UK insurance company Aviva has agreed to buy its US rival Amerus in a deal worth £1.6 billion.
The country's largest insurance company, created in 2000 following a merger between Norwich Union and CGU, said that the deal would be financed through debt and a £900 million share issue.
Richard Harvey, Aviva group's chief executive, said that the acquisition of Iowa-based Amerus was an "important strategic move" designed to "transform" the insurer's US business.
Commentators say that the Aviva boss has been looking to expand the company's presence in the US market after forecasting that growth within the European life insurance industry was likely to slow later in the year.
Amerus, claimed by Aviva to be the top seller of equity-index linked life insurance in the US, reported total revenues of $1.6 billion (£0.87 billion) and pre-tax operating income of $327 (£178 million) million in 2005.
Welcoming the deal, Mr Harvey said: "This acquisition establishes a leadership position within a key segment of the world's largest long-term savings market.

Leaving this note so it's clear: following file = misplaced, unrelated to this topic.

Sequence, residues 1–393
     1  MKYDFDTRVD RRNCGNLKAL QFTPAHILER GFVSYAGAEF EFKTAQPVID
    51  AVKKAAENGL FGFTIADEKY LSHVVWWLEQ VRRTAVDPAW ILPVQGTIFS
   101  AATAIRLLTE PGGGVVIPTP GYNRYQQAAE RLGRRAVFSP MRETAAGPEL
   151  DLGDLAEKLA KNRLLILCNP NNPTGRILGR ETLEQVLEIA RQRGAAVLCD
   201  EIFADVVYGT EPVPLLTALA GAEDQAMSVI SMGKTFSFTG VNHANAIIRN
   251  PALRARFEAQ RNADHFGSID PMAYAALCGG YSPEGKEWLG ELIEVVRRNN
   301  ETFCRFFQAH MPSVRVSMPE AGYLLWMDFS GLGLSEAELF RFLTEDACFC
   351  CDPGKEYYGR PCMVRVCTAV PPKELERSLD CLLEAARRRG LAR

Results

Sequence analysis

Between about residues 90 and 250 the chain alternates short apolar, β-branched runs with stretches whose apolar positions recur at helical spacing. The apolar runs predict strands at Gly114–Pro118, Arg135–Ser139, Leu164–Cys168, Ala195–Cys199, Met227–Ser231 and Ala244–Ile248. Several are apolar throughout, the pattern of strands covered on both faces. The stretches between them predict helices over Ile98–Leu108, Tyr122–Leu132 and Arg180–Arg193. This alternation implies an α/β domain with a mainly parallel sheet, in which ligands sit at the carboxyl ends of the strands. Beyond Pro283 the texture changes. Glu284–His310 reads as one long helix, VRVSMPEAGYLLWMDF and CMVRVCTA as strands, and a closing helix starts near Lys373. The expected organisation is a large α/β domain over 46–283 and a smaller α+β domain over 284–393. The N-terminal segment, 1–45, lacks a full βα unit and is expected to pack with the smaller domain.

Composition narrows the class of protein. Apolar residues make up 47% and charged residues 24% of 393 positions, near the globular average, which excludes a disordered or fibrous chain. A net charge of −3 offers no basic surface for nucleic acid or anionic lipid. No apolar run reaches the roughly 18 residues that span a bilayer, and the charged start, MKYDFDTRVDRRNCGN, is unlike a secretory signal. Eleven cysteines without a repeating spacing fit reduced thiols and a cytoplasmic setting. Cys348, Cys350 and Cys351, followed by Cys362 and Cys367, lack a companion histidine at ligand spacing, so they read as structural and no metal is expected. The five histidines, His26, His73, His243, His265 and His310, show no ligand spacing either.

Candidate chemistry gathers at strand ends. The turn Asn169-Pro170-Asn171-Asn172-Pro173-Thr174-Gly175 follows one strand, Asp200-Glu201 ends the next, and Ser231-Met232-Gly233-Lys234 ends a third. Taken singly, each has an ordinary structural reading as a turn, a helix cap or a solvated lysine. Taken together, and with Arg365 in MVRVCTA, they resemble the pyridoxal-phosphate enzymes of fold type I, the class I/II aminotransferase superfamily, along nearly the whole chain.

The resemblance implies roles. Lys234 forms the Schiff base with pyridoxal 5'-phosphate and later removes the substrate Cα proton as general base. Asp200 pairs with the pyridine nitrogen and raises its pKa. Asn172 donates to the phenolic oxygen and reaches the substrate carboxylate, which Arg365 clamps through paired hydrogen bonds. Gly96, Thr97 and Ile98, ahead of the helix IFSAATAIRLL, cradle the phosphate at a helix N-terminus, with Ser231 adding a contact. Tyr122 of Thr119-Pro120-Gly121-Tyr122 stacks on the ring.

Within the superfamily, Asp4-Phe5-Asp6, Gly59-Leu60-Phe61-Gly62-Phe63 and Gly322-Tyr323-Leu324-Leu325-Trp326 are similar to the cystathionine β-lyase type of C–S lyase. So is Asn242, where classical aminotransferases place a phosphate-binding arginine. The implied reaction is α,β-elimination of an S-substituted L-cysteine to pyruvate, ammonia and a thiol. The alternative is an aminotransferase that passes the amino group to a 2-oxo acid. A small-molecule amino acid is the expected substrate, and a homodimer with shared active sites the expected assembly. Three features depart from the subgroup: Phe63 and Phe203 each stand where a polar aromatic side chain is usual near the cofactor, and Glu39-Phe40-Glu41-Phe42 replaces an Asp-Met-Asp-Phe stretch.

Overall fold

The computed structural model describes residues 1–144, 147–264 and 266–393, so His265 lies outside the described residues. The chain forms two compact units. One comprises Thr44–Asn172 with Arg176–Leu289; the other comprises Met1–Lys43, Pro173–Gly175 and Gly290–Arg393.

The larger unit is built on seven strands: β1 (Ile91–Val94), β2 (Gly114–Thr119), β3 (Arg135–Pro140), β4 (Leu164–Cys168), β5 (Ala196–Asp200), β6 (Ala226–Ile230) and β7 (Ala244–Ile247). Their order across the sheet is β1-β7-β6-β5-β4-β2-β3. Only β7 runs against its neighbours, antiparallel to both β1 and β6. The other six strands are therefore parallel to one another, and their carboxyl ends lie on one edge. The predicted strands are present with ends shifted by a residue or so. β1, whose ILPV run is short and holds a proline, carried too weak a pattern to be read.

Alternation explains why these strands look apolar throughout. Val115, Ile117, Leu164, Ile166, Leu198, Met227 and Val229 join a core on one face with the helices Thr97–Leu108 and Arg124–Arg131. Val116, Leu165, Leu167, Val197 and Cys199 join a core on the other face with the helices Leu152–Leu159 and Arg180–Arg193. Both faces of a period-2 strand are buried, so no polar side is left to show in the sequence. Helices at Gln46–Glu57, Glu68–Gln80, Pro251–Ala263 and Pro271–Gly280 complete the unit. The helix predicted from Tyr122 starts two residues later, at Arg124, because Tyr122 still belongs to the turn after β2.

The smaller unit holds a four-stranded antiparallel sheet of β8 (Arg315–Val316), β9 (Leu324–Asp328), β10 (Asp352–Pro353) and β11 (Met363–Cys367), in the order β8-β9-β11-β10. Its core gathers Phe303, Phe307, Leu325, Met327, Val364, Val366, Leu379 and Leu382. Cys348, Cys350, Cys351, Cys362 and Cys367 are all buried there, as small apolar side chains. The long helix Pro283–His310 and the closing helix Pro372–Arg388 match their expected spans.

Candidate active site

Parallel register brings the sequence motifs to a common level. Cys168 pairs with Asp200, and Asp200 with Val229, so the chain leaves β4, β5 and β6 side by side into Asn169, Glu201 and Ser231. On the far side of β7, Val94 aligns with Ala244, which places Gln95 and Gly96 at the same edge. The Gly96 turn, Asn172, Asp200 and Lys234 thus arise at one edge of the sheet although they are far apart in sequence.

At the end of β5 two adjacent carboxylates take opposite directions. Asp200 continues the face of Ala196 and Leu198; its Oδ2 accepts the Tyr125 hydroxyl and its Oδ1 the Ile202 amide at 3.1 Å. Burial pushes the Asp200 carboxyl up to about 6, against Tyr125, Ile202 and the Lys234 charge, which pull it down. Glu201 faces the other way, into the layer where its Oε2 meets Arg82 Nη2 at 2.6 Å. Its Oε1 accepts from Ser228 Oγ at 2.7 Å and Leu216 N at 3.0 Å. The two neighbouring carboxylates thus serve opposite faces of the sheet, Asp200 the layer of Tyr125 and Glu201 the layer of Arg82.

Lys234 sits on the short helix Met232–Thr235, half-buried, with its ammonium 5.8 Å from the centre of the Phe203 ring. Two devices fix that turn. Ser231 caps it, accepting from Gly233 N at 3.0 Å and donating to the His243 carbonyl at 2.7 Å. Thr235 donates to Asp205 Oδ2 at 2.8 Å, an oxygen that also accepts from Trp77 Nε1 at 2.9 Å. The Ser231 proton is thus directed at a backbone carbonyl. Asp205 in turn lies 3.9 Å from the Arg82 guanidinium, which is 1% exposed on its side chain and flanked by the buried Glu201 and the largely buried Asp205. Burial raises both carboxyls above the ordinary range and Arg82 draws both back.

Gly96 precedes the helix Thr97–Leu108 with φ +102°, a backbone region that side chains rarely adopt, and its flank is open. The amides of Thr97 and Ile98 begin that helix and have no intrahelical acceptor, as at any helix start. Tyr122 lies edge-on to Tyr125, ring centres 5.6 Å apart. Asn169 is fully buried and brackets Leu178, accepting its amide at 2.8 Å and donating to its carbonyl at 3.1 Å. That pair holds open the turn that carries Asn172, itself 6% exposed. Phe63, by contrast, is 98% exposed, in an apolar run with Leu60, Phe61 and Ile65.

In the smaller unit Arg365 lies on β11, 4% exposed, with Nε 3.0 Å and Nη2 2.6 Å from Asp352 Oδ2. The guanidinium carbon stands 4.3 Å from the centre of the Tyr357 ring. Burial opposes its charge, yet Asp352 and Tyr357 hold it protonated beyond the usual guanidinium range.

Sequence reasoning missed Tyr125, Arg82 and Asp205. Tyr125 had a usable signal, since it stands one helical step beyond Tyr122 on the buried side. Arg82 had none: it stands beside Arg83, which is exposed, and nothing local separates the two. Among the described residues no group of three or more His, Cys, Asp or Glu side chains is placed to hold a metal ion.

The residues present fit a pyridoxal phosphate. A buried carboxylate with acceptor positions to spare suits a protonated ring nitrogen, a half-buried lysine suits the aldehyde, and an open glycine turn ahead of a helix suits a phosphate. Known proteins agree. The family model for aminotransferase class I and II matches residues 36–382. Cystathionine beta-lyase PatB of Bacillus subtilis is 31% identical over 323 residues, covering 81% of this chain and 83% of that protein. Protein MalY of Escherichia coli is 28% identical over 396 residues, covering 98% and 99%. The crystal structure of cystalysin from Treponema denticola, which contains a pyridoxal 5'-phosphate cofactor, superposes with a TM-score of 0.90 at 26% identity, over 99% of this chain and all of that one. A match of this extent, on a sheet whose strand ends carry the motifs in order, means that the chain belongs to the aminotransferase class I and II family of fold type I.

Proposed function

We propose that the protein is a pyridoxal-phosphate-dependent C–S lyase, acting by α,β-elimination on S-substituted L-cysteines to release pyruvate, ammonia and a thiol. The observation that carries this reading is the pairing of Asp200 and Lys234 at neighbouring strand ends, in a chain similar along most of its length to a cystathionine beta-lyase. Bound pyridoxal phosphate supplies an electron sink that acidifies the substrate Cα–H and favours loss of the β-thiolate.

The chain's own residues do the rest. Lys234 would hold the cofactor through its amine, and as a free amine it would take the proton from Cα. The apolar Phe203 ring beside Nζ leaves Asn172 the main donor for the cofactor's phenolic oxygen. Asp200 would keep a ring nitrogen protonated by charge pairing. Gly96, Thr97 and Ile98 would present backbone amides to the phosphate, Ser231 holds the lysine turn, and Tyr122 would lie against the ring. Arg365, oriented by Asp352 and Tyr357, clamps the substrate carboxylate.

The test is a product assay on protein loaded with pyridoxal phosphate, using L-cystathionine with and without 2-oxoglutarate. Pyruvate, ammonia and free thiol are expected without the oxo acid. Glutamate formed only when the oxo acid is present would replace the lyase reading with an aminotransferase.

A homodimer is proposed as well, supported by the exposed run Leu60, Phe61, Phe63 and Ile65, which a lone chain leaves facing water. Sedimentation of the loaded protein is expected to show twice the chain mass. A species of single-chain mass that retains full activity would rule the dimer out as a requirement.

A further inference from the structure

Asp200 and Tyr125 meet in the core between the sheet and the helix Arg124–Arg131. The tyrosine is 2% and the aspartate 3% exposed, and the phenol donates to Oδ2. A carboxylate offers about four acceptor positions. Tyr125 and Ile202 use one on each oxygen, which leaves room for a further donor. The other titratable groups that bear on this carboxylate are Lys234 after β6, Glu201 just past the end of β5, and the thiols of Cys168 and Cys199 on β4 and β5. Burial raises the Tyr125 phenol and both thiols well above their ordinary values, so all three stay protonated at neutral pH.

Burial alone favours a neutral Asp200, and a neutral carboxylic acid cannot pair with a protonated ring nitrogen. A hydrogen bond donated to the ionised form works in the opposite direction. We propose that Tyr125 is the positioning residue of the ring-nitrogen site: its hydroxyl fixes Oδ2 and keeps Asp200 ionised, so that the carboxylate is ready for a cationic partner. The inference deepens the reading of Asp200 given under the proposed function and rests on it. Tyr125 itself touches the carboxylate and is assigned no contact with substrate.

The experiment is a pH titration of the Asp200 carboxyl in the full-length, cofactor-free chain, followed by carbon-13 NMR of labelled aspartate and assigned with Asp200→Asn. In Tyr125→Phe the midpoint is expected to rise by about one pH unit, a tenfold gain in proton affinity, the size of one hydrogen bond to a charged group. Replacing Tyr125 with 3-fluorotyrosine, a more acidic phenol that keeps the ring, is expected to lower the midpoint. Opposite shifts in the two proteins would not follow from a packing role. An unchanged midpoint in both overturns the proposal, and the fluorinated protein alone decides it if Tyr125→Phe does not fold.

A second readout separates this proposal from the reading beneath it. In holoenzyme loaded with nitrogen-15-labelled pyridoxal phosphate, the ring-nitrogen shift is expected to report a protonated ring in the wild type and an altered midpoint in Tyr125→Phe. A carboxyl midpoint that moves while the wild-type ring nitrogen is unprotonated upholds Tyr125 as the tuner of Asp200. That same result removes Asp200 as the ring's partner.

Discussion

"In a single move the combination of Amerus' national distribution networks and the resources and expertise of Aviva, provides the platform for significant profitable growth in the US," he added.
Amerus' chief executive, Thomas Godlasky, added that his company was "looking forward to joining forces with one of the world's leading insurers".
"With the support and financial strength of Aviva, we will be able to further enhance the growth opportunities of our combined operations and take the new business to the next level," he said.
In a trading statement, Aviva also reported today that it expected operating profits for the six months to June 30th to be not less £1.65 billion, up from £1.32 billion in the same period last year.